Leadership can be and often is – a lonely place

Since I was a young boy, helping my mom setup her classroom many summer days in preparation for a new school year of teaching high school ELA at the now-demolished high school I would eventually attend as a student later in my K-12 career in rural South Central Ohio, I knew I wanted to be an educator. Just like my mom, maternal grandparents and aunt. Those high school visits on those sweltering July and August days in a school that back then was not air conditioned, cemented it, though.

Fast forward 30 plus years as I progressed within my own career and my scope shifted from leading a classroom, to instructional coaching within the faculty to my current role of school administrator and having a more global view, I’ve learned to come to the conclusion that leadership can really be isolating. Leadership is often about making and/or enforcing decisions that are best for the building, school community, district and ultimately the students. It is often a challenge, if even possible to not receive some push back even on decisions that are popular.

As Mandy Gilbert’s outstanding article in INC puts it right out of the gate “leadership and loneliness go hand-in-hand. As the person in charge, it’s inevitable that you’ll be treated with a different regard than when you were a regular member of the team. Those daily 3pm coffee breaks and happy hour invitations are no longer being extended, and your water cooler conversations have become trivial small talk. You’re no longer one of the gang. You’re one of them.”


Being friendly and legit friends are two different things. Critical conversations and decisions are hard enough and inevitable within leadership. Don’t make things more difficult. This was critical within moving to my first school administration position 6 years. Balance is key. I intentionally do not live in the school community I serve, but rather a neighboring suburb in part for separation and mainly for balance within work/life. Mr. Fetters vs. Brendan. Vital for mental, physical and my overall well-being.

Being comfortable within your own skin and remembering leadership is indeed often a lonely place. That is ok. Bouncing ideas off fellow school leaders within your district, collaborating with building peers within leadership to ensure you’re functioning as a true team, a collective unit.

Strong work/life balance. Being able to cut off once the work day concludes, say no to that after hours text message or email thats not urgent. Say yes to taking off email app alerts after hours making more time for fitness, making ample sleep and nutrition a priority just to name a few.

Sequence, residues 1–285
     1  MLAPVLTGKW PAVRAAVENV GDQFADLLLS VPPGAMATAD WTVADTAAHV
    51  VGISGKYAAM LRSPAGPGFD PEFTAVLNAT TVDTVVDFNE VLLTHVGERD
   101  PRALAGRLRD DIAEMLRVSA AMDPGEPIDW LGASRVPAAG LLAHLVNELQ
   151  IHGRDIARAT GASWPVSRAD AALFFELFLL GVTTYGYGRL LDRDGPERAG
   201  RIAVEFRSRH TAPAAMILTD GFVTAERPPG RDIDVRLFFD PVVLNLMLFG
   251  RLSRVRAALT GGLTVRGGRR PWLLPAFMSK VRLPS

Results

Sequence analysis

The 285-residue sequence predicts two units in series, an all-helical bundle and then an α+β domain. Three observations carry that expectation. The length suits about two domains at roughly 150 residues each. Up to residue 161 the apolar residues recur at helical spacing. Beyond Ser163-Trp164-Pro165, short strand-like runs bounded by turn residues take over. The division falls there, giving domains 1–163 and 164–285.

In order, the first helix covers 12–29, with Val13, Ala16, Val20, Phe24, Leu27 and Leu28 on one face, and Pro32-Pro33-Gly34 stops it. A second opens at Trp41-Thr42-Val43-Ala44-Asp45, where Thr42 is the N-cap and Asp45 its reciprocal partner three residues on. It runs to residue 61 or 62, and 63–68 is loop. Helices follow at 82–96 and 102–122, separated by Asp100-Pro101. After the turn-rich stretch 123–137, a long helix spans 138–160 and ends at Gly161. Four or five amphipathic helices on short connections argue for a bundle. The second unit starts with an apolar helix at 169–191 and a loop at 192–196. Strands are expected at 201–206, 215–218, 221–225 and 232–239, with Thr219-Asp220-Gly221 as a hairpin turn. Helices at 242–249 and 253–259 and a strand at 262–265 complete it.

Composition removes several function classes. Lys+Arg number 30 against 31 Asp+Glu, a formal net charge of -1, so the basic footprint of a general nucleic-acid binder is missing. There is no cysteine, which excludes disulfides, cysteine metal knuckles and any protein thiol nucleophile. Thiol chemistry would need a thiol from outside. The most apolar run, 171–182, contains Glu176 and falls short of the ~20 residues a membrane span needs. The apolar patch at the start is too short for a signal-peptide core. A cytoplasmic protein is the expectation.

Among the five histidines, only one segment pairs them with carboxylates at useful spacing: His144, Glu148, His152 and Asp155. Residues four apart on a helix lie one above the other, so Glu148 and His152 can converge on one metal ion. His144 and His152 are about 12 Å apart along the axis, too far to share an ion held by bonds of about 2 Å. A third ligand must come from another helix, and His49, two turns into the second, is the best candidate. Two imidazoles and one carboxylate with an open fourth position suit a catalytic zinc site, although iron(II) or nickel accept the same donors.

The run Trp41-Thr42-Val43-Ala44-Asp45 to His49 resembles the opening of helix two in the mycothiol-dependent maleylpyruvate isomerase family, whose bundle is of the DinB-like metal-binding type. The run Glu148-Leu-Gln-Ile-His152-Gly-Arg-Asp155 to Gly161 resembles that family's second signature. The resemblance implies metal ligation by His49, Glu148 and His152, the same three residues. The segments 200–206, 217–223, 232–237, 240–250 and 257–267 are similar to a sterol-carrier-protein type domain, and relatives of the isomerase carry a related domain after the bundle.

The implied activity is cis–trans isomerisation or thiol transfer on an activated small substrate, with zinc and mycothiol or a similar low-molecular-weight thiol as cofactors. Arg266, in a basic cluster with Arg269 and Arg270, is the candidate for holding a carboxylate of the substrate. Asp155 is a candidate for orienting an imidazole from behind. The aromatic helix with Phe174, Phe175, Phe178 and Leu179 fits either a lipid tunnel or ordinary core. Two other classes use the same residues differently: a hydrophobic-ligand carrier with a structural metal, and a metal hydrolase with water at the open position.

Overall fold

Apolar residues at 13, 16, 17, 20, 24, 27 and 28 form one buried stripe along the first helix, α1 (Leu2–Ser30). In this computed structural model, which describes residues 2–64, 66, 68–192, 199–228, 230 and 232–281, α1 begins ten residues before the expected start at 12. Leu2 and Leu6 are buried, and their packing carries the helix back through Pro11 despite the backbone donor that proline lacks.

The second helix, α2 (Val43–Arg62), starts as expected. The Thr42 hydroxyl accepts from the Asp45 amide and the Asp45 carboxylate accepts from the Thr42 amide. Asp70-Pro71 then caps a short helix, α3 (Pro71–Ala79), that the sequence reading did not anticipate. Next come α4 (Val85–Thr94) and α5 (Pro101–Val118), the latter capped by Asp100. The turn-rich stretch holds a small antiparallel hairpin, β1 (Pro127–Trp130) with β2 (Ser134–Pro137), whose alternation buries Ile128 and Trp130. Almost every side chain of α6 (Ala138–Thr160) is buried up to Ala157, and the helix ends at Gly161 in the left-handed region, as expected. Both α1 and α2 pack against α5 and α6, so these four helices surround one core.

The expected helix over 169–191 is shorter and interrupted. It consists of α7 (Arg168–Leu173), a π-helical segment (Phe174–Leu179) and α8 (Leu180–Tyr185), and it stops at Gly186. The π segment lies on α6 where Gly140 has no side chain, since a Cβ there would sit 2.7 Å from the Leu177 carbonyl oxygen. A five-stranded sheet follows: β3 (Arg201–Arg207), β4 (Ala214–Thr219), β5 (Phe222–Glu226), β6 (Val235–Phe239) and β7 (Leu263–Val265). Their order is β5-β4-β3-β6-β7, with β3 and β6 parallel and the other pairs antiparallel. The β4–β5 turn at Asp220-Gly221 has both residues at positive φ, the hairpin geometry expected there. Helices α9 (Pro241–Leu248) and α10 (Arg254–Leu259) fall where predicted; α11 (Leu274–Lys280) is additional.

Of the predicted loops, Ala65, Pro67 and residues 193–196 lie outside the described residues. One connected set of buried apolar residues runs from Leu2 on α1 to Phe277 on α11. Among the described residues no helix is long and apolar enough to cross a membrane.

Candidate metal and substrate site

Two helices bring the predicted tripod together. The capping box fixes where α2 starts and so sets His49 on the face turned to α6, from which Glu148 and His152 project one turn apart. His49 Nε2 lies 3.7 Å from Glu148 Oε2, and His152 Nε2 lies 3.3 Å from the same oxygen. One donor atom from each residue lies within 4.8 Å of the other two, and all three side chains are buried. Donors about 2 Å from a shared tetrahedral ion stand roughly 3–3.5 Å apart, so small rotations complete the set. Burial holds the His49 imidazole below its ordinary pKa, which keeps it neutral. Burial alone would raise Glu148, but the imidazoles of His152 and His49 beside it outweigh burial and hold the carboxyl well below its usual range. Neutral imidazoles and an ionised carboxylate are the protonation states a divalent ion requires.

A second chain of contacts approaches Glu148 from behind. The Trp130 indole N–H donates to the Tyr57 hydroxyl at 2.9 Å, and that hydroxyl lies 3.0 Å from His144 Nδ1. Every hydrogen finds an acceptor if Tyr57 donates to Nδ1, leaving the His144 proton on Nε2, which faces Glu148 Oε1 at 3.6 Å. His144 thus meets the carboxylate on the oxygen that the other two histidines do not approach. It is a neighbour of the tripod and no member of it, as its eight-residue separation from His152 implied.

While leadership can be a lonely place it doesn’t mean you’re leading completely in isolation. Find your support system. Discover your balance. Key. Check in on the people you serve ongoing. Let them know that you care. No matter their role. They matter – remind them of this. By doing this in an on-going genuine manner, it makes those tougher “big picture” decisions more connectable often as well. After all, everyone needs encouragement in our fast-paced every adjusting profession. Never forget where you came from. Humility goes a long way.

“If you are a leader, you should never forget that everyone needs encouragement. And everyone who receives it – young or old, successful or less-than-successful, unknown or famous – is changed by it” – John Maxwell

Better together: 2 years later so much has changed… what will tomorrow bring?

Two years ago today, the Covid-19 pandemic had really started to affect us locally, at state level, nationally and globally. Locally, it had been a few weeks since the first confirmed case. Concerts, the NBA, events and most notably locally, the beloved ACC basketball tournament had all been cancelled. Schools all across our area had closed. The local headlines seemed on the very day (March 13, 2020) our schools all across the state (and for the most part, nationally) closed.


Since that day so much has changed in our world and especially our profession. The shift to virtual school, back to in person in a cohort model, back to virtual when variants spiked, mask mandates, vaccinations, boosters, return to school at full capacity, etc. So many shifts in the last school year — enough to make ones head spin when they stop and think of it.